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U.S. Infrared Sensor Markets To Double, Top $1.3 Billion By 2001, Led By Commercial Applications.

MOUNTAIN VIEW, Calif.--(BUSINESS WIRE)--April 5, 1995--Paced by increasing commercial applications, U.S. infrared sensor markets will double from $648 million in 1994 to over $1.3 billion by the year 2001, growing at an 11 percent compound annual rate, projects a new study just released by Frost & Sullivan.

Commercial sales will grow from 22 percent of total revenues in 1994 to 33 percent in 2001 while dominant military sales correspondingly decline in share from 78 to 67 percent in the same period, forecasts the report, U.S. MILITARY AND COMMERCIAL INFRARED SYSTEM MARKETS: EMERGING MATERIALS, PRICE REDUCTIONS OFFER EXCELLENT OPPORTUNITIES.

Major emerging commercial application areas include industrial process control, environmental monitoring, space-based programs, drug and law enforcement, search and rescue, and medical applications.

Reduction in system prices to levels affordable for commercial end-users will be crucial to commercial market expansion. Price, by contrast, was distinctly less important to the military market than performance.

New materials like multiple quantum wells (MQWs), micro- bolometers and ferroelectric devices will facilitate new commercial applications. All three will provide superior resolution and performance at substantially lower cost than current cooled systems, particularly for industries like transportation and home and building security. The market for such materials will grow from virtual non-existence in 1994 to nearly $200 million by the year 2000. Possible future military applications include rifle sights and driver's vision enhancers.

Competition will be fierce as the historically dominant military market is eroded. Industry consolidation will continue.

Defense downsizing and more limited military budgets will negatively affect federal funding for all military programs including infrared systems and continue to spur industry consolidation, like that between Lockheed and Martin Marietta. Layoffs and discontinuation of product lines will also continue in the military sector.

Differentiation of firms as catering specifically to military or commercial markets will blur as more defense companies target the commercial market. On the commercial side, firms that historically had few competitors will contend for the first time with larger well-known defense industry rivals. While name recognition will help the latter, firms that have seized commercial market niches will be hard to dislodge.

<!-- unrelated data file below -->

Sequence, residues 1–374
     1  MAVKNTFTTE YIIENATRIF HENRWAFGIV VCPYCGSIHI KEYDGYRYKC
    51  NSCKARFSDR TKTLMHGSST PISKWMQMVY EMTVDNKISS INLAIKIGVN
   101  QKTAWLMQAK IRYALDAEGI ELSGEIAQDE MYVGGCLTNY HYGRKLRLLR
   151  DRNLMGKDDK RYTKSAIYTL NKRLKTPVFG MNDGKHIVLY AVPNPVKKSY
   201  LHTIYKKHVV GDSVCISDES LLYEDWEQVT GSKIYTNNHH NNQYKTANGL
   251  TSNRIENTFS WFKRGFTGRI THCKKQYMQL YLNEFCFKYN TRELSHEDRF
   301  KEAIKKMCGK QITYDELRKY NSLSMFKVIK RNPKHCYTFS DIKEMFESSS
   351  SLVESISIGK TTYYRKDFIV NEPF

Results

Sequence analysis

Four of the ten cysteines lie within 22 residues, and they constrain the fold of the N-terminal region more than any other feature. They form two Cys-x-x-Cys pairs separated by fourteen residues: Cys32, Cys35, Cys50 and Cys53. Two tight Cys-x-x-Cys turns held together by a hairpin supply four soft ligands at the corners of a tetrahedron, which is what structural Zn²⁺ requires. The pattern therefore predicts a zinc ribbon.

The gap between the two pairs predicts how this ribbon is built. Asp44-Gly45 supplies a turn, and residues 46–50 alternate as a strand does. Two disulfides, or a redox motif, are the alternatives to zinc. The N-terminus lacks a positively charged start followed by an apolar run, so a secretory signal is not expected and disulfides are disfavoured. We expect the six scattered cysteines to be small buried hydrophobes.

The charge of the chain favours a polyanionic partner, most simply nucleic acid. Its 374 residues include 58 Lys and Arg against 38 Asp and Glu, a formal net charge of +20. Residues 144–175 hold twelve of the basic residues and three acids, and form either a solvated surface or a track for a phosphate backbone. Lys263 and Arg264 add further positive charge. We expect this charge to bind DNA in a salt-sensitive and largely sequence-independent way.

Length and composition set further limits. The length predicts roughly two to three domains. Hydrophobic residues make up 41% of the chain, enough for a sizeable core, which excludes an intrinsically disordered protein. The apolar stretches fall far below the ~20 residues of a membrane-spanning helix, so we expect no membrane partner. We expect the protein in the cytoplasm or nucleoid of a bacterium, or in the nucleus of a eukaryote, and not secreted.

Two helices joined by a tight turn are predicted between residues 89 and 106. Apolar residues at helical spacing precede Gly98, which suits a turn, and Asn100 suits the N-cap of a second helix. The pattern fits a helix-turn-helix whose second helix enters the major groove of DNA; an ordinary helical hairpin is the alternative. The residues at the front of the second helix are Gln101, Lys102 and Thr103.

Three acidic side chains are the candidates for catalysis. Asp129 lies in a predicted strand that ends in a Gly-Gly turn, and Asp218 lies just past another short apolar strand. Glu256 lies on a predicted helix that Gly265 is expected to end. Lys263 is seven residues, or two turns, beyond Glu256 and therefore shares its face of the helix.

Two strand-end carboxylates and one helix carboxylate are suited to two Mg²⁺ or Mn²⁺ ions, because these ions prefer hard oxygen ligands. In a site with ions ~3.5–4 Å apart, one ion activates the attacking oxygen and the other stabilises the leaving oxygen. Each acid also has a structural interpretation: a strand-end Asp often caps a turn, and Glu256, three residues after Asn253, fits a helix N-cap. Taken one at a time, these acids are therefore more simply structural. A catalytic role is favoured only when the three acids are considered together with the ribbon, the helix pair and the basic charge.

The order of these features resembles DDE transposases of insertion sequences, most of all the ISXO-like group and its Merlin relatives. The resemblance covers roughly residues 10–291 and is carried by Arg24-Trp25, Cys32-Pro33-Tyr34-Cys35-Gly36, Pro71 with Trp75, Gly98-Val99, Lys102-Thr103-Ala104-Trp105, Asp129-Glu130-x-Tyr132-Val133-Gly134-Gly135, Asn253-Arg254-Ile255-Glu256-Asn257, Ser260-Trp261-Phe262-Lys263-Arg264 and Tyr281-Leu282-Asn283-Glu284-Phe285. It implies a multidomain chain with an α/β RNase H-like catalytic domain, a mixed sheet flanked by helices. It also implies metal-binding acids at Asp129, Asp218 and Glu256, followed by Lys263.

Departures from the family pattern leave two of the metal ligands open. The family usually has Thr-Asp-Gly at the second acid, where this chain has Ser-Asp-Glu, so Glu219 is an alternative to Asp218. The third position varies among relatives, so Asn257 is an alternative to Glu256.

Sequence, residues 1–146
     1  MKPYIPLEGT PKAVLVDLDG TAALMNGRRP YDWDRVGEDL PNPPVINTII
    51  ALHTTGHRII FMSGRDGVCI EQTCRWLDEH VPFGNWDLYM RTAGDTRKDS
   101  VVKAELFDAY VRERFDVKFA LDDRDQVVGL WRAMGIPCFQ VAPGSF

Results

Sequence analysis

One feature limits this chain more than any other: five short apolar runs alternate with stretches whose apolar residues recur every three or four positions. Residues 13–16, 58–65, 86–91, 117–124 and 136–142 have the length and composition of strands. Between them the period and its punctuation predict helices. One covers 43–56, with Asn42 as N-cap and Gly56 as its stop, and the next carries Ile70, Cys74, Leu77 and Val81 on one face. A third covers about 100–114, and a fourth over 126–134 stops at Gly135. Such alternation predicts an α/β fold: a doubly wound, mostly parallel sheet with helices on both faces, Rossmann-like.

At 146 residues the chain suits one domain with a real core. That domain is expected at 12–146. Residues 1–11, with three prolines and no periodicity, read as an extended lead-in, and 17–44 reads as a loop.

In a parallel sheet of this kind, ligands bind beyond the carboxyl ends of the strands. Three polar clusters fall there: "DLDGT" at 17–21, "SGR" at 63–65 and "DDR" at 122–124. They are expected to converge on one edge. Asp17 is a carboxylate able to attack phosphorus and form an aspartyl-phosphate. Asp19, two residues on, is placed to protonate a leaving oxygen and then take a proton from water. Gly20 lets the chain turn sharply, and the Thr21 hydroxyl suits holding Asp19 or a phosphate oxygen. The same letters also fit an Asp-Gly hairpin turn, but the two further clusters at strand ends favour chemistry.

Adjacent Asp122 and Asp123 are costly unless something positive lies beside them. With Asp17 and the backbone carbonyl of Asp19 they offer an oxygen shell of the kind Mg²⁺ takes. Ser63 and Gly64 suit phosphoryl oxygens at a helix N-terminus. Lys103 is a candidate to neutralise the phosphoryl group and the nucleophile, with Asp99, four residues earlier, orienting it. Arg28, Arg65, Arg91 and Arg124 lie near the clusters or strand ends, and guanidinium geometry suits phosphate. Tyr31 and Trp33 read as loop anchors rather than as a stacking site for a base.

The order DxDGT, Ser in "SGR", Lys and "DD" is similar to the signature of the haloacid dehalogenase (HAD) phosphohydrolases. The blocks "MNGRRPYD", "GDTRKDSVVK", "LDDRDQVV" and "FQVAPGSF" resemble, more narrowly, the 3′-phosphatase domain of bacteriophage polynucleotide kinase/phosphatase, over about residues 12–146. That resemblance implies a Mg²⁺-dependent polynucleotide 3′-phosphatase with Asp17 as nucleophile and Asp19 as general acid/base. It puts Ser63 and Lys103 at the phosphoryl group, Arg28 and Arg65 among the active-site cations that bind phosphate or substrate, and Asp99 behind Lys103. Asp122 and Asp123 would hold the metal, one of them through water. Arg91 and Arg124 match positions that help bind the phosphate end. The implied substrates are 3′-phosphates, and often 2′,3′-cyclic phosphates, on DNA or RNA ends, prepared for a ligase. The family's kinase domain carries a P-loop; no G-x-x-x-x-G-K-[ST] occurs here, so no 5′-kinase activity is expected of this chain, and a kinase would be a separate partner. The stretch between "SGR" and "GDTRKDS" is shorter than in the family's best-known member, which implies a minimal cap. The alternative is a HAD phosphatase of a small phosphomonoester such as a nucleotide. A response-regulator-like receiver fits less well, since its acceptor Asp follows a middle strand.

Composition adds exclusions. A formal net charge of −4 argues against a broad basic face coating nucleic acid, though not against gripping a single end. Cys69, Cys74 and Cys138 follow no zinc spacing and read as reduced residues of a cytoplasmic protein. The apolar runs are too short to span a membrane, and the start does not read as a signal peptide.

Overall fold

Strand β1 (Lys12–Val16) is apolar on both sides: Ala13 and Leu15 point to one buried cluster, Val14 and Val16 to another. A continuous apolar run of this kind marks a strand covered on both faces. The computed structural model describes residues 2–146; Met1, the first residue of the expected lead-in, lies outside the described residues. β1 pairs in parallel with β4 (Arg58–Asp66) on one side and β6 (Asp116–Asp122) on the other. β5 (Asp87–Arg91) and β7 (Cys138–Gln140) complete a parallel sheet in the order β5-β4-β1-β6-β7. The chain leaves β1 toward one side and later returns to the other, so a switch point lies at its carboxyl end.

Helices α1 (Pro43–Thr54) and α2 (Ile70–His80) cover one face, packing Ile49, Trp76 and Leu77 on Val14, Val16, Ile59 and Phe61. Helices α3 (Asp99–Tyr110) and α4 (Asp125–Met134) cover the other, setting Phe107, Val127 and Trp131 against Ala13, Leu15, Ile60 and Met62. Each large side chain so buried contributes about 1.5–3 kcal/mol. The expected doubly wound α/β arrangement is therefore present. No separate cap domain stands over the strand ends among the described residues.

There is a shift toward larger focal plane arrays (FPAs) with smaller pixels. Due to the high cost related to large arrays' need for cooling, most of the end-users of these large cooled arrays will be in the military market.

Staring systems, technologically superior to scanning systems, are beginning to replace the latter in some applications, the most notable current example being in the missile seeker market.

Frost & Sullivan is an international high-technology research firm. All Frost & Sullivan reports are based on extensive interviews with marketing and technical experts from selected companies in each market segment. Primary research is validated by thorough analysis of available secondary research. Frost & Sullivan is the leading publisher worldwide of high-technology research reports.


Report: 5216-16 Publication Date: April 1995 Price: $2495

Total IR Sensor Market:
Unit Shipment and Revenue Forecasts (US),

 Revenues Growth
 Year Units ($ mil) (%)

 1991 258,017.8 641.2 -

 1992 283,584.0 647.9 1.1

 1993 316,914.5 653.3 0.8

 1994 357,126.7 658.7 0.8

 1995 959,491.1 666.6 1.2

 1996 2,272,468.4 688.3 3.3

 1997 5,063,020.0 720.2 4.6

 1998 9,107,831.0 809.6 12.4

 1999 16,519,668.9 991.4 22.5

 2000 30,337,869.8 1,202.0 21.2

 2001 56,104,010.9 1,447.9 20.5

 CAGR 11.9%

CONTACT: Frost & Sullivan, Mountain View

Amy Arnell, 415/961-9000; Fax: 415/961-5042


Kristina Menzefricke, 44 171 730 3438 (London)

Fax: 44 171 730 3343


Nadge Keryhuel, 33 1 4742 9127 (Paris)

Fax: 33 1 4742 9129
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Date:Apr 5, 1995
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